Book Review: Ten Thousand Saints by Eleanor Henderson

Title: Ten Thousand Saints
Author: Eleanor Henderson
Publisher: Quercus Books
ISBN: 978-1780872179
Genre: Literary Fiction
Pages: 400
Source: Publisher
Rating: 4/5

It took me quite a lot of time to get into the skin of this book and enjoy it. “Ten Thousand Saints” by Eleanor Henderson wasn’t an easy read to begin with. Let me directly get to the plot.

The book begins on New Year’s Eve 1987 in a fictional college town Lintonburg, Vermont. Two teenagers, Teddy and Jude are out partying with their new friend Eliza from Manhattan. Everything seems to be going fine when Teddy is found dead the next morning, after huffing Freon and on an overdose of Cocaine. The guilt weighs heavy on Jude and Eliza, as they were the ones who provided the drugs. Eliza also discovers that she is pregnant with Teddy’s baby and is confounded about what to do. Eliza, Jude and Teddy’s older half-brother Johnny then decide to raise the baby.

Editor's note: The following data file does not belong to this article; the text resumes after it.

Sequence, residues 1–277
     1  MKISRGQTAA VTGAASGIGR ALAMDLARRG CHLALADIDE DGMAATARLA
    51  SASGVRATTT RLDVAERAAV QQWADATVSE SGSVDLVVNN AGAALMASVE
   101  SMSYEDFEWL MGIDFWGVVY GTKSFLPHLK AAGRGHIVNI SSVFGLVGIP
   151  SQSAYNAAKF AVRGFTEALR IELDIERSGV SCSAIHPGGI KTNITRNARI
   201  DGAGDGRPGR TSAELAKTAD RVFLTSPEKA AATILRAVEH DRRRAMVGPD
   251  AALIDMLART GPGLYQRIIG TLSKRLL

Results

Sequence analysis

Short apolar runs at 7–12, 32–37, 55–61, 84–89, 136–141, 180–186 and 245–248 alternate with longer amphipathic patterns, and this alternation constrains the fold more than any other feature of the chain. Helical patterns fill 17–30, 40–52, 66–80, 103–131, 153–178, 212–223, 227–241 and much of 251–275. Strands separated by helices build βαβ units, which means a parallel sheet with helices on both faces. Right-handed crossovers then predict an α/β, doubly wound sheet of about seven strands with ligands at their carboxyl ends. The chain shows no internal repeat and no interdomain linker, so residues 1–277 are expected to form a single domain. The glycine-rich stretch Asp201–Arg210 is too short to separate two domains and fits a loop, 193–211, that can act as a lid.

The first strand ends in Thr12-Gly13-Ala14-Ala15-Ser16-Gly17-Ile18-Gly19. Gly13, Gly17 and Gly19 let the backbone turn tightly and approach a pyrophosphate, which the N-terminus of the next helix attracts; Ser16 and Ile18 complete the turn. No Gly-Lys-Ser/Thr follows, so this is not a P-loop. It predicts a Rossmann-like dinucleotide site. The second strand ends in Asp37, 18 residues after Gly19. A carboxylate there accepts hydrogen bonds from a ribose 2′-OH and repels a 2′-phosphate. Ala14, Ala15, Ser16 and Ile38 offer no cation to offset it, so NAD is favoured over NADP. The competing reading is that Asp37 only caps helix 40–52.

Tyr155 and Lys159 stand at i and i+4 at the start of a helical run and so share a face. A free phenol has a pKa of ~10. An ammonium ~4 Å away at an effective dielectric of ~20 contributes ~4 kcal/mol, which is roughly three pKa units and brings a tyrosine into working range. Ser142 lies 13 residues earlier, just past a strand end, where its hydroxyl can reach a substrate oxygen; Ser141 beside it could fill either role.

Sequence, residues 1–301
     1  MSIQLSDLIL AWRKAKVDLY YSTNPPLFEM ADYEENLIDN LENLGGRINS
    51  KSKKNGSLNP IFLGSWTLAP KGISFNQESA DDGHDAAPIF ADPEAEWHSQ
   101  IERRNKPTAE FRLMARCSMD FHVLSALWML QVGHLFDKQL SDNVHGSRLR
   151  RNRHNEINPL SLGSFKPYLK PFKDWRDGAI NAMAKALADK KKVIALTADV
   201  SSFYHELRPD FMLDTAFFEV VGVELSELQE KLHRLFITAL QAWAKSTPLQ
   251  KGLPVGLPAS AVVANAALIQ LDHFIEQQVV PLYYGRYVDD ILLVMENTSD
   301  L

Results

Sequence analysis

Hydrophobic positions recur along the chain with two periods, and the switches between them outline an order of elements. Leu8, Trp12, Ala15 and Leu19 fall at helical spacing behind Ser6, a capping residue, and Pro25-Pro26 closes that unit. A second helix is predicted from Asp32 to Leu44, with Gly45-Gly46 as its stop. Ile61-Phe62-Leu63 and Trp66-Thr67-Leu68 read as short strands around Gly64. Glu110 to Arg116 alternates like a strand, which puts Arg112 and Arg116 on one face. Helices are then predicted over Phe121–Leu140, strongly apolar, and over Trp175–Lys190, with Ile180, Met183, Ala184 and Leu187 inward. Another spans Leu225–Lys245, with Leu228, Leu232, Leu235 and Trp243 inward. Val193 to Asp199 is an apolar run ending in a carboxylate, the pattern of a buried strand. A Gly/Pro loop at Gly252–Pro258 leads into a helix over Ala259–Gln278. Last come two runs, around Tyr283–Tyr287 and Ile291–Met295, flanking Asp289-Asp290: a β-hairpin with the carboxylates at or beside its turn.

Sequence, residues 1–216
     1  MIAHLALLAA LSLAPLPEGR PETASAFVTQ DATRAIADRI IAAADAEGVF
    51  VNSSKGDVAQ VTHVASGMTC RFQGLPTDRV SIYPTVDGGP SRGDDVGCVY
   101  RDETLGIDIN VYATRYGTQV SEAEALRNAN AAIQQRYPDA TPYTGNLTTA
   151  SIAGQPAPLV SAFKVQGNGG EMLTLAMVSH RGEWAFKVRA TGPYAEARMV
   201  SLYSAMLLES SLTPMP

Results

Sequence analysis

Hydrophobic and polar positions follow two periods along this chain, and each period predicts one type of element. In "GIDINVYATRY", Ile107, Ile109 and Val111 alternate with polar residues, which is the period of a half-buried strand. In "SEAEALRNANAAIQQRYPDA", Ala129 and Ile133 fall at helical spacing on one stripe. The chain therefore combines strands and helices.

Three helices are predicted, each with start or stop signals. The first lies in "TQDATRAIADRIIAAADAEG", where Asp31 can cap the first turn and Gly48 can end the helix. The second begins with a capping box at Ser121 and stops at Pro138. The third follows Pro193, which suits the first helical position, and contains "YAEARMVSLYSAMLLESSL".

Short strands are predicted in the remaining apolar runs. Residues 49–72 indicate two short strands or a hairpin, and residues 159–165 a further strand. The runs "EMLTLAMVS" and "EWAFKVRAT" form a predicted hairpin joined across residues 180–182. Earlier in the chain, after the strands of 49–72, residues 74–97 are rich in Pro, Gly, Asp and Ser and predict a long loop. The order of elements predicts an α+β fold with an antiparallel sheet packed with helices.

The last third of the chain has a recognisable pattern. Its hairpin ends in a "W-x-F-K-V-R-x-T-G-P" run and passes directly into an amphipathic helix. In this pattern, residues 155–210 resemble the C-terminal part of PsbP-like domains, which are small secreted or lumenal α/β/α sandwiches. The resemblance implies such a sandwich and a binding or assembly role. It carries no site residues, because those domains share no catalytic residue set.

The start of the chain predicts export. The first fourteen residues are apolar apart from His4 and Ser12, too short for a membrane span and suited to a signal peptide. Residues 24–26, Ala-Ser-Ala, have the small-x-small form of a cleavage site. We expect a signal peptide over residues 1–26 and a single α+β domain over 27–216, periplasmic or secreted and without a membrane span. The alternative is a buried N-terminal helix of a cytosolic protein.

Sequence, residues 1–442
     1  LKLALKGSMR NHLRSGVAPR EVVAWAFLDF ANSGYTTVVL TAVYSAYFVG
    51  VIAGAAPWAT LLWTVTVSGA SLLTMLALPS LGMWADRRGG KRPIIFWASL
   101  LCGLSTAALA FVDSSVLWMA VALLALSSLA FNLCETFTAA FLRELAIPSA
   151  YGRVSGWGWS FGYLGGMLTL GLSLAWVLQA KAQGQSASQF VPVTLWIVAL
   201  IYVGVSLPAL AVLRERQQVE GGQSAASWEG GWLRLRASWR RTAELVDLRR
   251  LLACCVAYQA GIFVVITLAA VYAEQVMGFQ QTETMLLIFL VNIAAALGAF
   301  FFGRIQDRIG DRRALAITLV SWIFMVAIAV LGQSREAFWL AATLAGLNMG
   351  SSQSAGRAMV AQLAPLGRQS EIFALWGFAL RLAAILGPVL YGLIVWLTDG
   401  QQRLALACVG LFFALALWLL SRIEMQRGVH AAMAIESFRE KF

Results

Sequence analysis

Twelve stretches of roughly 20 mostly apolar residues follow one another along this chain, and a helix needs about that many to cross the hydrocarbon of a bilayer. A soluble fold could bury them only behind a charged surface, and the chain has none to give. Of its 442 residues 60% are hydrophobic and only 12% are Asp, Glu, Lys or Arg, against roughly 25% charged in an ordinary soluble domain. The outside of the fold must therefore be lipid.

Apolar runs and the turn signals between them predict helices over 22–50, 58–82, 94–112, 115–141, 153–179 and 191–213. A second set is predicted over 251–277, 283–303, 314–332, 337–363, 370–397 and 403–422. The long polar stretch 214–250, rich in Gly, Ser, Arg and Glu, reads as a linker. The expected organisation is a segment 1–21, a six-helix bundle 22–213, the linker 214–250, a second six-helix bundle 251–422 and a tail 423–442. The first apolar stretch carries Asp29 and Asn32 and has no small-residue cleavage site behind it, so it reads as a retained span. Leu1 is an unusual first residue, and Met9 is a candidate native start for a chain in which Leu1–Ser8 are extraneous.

That is essentially the crux of the story. I found it a little difficult to read initially because of the structure but when you get used to it, it is a breeze. The parents of the teenagers are as involved in the book as the kids. The story also centers on the parents’ decisions and its impact on their kids. Jude’s divorced parents make their living by selling marijuana. Eliza’s mom is a self-indulgent and aging ballerina. Teddy and Johnny’s mom is an aging hippie. In short: Nothing is what it seems and it all goes wrong and also connects everyone with the other after Teddy’s death.

The book does tend to get repetitive at times but it is fascinating to some extent. There are times when you can get into the characters’ minds because they are so well-formed and etched. Maybe it is nothing new, but the content covers almost every topic – from homelessness to the emergence of AIDS in the late 80’s, to the time when things were progressing rapidly in the US of A and its impact on the characters and their lives.

The metaphors used are marvellous and fit like a glove on every page. The redemption of characters takes place gradually in the book and when you see it as a reader, it has the capacity to astound you. The overarching themes make the plot what it is – beautiful that is. The moral dilemma of the characters only adds to the book.

“Ten Thousand Saints” may not be everyone’s cup of tea, but it was definitely mine and I am glad I endured and read through it.

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